Communicating in Welsh

“If you talk to a man in a language he understands, that goes to his head. If you talk to him in his language, that goes to his heart.”

Nelson Mandela

Today we celebrate 20 years of UNESCO’s International Mother Language Day, which is observed every 21 February to promote linguistic and cultural diversity around the world. Across the UK there are scores of languages spoken at the heart of any home. The 2011 Census recorded that there were 15 languages with at least 90,000 speakers in England and Wales, including Polish, Tamil and Turkish.

My mother tongue is Panjabi but the mother tongue of my children, and the one I use most at home and in my local community, is Cymraeg – otherwise known as Welsh.

In the UK we are fortunate enough to have a number of spoken languages which are native to these islands, alongside Welsh – including Gaelic and Scots in Scotland, Irish and Ulster Scots in Northern Ireland and Cornish in south west England. The status of each of these languages is now recognised in some way by governments and authorities, nowhere more so than in Wales. 

This month also marks the tenth anniversary of the Welsh Language Measure 2011, the law which gives Welsh “official status” in Wales and which puts a range of duties on public bodies, including one to ensure that they treat “the Welsh language no less favourably than the English language”.

Welsh campaign text - to represent a campaign with text translated into welsh.
‘Mae’r cyfrifiad ar gyrraedd’ translates as ‘the census is on the way’

The Welsh Government has an ambition “to see the number of people able to enjoy speaking and using Welsh reach a million by 2050” – an ambition that is supported by the UK Government.

Many public bodies now have a legal obligation to engage bilingually but many others who are not required by law choose to do so, including major charities and voluntary organisations.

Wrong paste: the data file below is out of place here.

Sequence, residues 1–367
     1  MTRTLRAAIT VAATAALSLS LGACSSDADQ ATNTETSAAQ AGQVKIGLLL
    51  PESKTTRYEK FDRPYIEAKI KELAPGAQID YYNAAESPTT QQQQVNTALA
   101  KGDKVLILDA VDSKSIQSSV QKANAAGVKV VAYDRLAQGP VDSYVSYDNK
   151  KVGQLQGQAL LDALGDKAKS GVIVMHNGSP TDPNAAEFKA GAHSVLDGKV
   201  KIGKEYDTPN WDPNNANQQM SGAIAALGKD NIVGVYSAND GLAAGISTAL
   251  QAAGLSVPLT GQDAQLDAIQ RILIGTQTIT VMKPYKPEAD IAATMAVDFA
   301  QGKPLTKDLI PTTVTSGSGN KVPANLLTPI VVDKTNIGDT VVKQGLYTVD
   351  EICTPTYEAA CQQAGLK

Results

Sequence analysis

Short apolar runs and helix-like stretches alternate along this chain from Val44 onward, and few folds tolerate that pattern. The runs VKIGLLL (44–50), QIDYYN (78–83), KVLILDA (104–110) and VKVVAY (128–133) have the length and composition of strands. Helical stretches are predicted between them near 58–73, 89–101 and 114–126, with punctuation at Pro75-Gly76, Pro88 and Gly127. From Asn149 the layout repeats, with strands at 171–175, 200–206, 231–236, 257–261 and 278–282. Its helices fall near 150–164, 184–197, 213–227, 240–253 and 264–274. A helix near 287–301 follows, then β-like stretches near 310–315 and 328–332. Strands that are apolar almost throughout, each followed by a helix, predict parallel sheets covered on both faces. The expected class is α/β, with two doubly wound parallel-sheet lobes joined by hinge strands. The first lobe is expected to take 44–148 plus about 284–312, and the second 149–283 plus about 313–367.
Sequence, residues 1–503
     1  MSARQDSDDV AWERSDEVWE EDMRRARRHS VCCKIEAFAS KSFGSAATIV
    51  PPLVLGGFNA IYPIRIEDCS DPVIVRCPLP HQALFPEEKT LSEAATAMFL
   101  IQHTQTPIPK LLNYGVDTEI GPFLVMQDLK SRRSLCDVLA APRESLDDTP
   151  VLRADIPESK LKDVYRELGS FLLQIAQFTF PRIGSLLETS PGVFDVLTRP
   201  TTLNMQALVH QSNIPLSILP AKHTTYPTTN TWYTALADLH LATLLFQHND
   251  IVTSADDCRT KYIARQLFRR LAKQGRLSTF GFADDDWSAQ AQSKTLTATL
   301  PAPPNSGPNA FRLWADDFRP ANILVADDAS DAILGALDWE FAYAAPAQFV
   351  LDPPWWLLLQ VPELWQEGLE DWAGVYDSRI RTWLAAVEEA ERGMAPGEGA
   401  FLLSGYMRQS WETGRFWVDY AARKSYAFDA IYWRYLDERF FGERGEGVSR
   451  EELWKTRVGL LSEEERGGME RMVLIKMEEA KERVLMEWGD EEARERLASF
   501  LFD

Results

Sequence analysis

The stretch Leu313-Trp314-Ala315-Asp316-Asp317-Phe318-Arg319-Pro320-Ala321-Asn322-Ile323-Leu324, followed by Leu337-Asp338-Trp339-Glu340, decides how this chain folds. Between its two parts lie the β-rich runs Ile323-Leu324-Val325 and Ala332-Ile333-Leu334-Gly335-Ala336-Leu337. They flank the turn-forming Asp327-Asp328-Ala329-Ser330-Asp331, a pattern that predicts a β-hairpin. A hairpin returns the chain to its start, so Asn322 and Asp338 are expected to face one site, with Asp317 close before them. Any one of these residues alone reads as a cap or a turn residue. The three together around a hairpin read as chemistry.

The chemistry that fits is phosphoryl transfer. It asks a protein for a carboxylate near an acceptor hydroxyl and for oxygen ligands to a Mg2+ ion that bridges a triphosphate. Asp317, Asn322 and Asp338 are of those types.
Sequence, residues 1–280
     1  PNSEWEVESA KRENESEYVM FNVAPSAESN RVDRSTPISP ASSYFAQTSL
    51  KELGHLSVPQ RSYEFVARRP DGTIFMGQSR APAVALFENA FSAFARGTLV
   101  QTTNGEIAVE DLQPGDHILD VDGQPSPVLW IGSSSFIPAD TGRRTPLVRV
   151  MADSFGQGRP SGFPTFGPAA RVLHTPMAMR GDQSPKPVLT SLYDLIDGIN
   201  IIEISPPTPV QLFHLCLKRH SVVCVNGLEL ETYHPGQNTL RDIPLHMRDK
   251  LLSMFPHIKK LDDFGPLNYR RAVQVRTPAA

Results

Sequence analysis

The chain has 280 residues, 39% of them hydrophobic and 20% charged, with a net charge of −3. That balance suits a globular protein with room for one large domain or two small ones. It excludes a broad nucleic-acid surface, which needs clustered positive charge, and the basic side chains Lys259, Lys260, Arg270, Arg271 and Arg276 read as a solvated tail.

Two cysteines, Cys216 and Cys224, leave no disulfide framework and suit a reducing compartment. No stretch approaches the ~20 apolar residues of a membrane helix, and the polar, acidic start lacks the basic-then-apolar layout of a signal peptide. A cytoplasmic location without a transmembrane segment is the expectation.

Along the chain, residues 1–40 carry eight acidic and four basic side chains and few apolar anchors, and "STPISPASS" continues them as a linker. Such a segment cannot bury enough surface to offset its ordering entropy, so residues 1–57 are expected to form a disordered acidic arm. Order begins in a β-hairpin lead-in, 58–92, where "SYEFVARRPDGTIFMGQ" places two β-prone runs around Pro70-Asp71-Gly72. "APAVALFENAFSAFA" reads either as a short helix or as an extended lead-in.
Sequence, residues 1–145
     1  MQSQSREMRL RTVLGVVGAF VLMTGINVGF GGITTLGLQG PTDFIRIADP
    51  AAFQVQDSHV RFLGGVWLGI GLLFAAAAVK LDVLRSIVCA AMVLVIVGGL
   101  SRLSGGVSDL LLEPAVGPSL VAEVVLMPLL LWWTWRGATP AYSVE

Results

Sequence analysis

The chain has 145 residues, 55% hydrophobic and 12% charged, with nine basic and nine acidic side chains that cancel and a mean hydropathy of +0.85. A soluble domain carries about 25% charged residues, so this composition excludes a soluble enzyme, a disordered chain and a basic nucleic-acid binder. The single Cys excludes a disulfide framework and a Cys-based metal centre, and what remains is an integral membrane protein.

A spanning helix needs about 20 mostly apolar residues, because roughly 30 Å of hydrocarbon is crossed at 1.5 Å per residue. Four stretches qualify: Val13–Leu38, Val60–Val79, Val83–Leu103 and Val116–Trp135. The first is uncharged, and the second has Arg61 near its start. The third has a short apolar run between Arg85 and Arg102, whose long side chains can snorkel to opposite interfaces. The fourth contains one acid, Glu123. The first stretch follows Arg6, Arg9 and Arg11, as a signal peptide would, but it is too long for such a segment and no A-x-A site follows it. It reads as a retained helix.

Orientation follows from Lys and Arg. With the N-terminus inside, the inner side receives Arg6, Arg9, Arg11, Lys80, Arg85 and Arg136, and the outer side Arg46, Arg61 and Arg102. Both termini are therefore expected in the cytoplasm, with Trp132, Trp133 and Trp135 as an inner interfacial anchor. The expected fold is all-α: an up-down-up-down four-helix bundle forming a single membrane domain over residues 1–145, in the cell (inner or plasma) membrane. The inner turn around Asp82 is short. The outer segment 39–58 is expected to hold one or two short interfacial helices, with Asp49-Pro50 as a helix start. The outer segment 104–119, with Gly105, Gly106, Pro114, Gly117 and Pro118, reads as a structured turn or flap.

Many UK businesses, large and small, have also significantly increased their use of Welsh language or bilingual marketing and engagement for customers in Wales over the past few years.

This became even more visible following Wales football team’s fully bilingual #TogetherStronger campaign at the last European Championships – a campaign which led to some of the world’s biggest brands creating Welsh-language content and which I was fortunate enough to play a role in.

We have also seen a marked improvement in the delivery of public services through the medium of Welsh.

The Department of Work and Pensions now has a network of Welsh-speaking work coaches, you can pay your personal and business tax returns in Welsh and get help from HMRC’s highly rated Welsh-language service, as well as make a passport application and even testify in court if you choose or need to do so. 

The need for communicators to use both Welsh and English when trying to reach audiences in Wales will continue to grow.

We won’t know the full footprint of the Welsh language in Wales (and increasingly in England) until later this year when we should get some early findings from next month’s Census 2021. However, we know from regular population surveys that there has been growth of the language over the past decade. That improvement has been strongest in our capital city, Cardiff, which now has as many Welsh-speakers as there are in the traditional heartlands of Gwynedd and Carmarthenshire.

Learning Welsh has become so popular during lockdown that teaching providers have been struggling to meet the demand for new virtual classes. Meanwhile, Duolingo says that in 2020 Welsh was the fastest growing language on its app in the UK.

Creating an immediate connection with our audience is at the heart of all communications activities, it’s how we change behaviours, influence attitudes and convey key messages. For many people in Wales, Welsh is an integral part of their identity, not just for fluent speakers but for those learning the language and for others who may only understand a few words.

There is increasing evidence of a rise in ownership of the language by those who cannot speak it, with more than four in five non-Welsh-speakers believing that ‘the Welsh language is something to be proud of‘.
Therefore, if you are planning any communications activities that need to reach people, businesses and groups in Wales, make sure that you plan to deliver them in both Welsh and English. 

In order to support any Welsh language considerations in your communications and engagement strategy, we have developed a practical guide to help you and your teams to expand your provision for Welsh-speakers, not just in Wales but across the United Kingdom. 

Diolch yn fawr am darllen – thanks very much for reading.

Ashok Ahir is a Deputy Director in the Cabinet Office Communications team, he was previously Director of Communications for the UK Government in Wales and is Chair of the National Eisteddfod of Wales.

Next steps

    Image credits:
  • Office of National Statistics (1)
  • Shutterstock//Jane McIlroy (2)